Marie Kahle (a teacher), her husband (a university professor and Lutheran pastor), and their sons witnessed the events of Kristallnacht in the city of Bonn and the effects those events had on their Jewish neighbors and colleagues. Marie Kahle wrote about the choices she and her family made the next day:
On 10 November, 1938, at 11:30 in the morning, the wife of a Jewish colleague came to me and reported that both the synagogues in Bonn had been set on fire and that SS men had destroyed the Jewish shops, to which I replied: “That can’t be true!” She gave me a manuscript to keep, her husband’s life work. Then one of my sons brought the same news.
My third son immediately went, without my knowing it, to a Jewish clockmaker’s shop, helped the man’s wife hide a few things and brought home a chest with the most valuable jewelry and time-pieces. Then he went to a chocolate shop, warned the owner and helped her move tea, coffee, cocoa, etc. to a room in the very back of the building. While three SS men were destroying everything in the front of the shop, he slipped out the back door with a suitcase full of securities and rode home with it on his bicycle. Later on, he spent weeks selling these hidden things to our acquaintances and thus made money for the two shop owners that the Gestapo knew nothing about. A Jewish colleague of my husband’s stayed with us all day long on 10 November and thus avoided being arrested.
From 11 November on, my sons worked furiously to help the Jewish shopkeepers clear out their shops. I couldn’t take part in this myself because I did not want to endanger my husband’s position. I could only visit the poor people. During one of these visits, my eldest son and I were surprised by a policeman, who wrote down my name. The consequence was a newspaper article . . . for 17 November 1938 headed “This is a betrayal of the people: Frau Kahle and her son help the Jewess Goldstein clear out.”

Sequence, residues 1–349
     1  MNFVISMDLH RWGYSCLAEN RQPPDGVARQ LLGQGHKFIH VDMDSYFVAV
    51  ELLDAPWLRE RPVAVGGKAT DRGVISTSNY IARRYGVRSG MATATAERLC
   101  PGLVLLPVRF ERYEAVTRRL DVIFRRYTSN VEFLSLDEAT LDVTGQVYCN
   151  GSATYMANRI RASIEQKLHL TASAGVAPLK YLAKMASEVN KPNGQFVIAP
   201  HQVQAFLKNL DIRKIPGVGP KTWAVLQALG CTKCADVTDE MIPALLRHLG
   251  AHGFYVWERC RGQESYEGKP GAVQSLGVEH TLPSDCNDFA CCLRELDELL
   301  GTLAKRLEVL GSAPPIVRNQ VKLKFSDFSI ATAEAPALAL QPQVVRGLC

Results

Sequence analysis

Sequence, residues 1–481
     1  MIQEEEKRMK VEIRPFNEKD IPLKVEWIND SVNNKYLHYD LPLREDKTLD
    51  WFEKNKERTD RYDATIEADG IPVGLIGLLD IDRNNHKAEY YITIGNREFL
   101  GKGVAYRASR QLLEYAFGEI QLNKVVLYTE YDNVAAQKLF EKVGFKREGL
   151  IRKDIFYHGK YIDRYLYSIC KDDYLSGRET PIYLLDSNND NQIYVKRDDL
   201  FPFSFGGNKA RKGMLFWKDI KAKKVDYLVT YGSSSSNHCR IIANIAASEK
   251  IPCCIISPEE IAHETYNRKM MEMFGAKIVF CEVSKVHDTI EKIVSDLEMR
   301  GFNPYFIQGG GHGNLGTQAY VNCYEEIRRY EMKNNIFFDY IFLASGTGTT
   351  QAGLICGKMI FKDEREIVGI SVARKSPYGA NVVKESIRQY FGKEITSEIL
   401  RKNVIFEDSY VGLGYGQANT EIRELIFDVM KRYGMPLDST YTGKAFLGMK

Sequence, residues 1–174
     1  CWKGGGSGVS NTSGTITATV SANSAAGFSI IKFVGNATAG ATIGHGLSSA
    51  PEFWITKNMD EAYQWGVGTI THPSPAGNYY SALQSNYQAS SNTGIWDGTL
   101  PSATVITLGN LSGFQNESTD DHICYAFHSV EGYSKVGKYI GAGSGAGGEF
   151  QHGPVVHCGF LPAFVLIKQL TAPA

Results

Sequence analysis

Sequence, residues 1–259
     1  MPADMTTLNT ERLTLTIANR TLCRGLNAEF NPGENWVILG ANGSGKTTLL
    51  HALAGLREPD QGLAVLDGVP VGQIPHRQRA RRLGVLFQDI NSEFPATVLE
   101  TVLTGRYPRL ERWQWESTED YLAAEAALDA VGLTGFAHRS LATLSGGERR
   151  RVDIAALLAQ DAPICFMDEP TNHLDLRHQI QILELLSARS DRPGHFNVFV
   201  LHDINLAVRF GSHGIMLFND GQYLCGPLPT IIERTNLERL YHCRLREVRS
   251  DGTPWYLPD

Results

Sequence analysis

On the basis of this newspaper article, my husband was immediately suspended and he was forbidden to enter . . . the university buildings. My eldest son was also forbidden to enter the university. He was convicted by a disciplinary court. . . . During the night, our house was attacked. Window panes were broken, etc. . . . The police came a short time later but went away again immediately. One of the policemen advised me to look out into the street: there, we found written in large red letters on the pavement: “Traitors to the People! Jew-lovers!” We washed the writing away with turpentine.
However, since the people were constantly coming back in their car, I openly rode away on my bicycle. I did not want to be beaten to death in front of my children and I was also only a danger to my family. I found shelter in a small Catholic convent, where the nuns were kind enough to look after me and my youngest child. During the interrogation by the Gestapo a few days later, I was asked whether I knew the license number of the car whose occupants had made the attack. When I said “no”, I was released. As I came out of the Gestapo building, this same car stood in front of the door. I even recognized the driver.
Particularly important in this whole period was a visit in 1939 by a well-known neurologist who, as Reich Education Director . . . was well up on Jewish matters. He told me, on two afternoons when we were alone, what would happen to me and my family along the lines of “Jews and friends of Jews must be exterminated. We are exterminating friends of Jews and all their offspring.” Then he said that I could not be saved, but my family could. When I asked what I should do, he gave his answer in the form of a couple of stories in which the wife committed suicide and thereby saved her family. Then he asked: “How much Veronal [a sleeping pill] do you have?” When I answered, “Only two grams,” he wrote me a prescription for the quantity that I was lacking. I carried the Veronal around with me for a few days, but then decided not to die, but instead to try to escape abroad with my family.
In four months, only three of my husband’s colleagues dared to visit us. I was not allowed to go out during the day. When one evening I met a colleague’s wife and complained that no friends or acquaintances had dared to visit me, she said: “That’s not cowardice; we are just facing facts.”
Soon after, the family left Germany.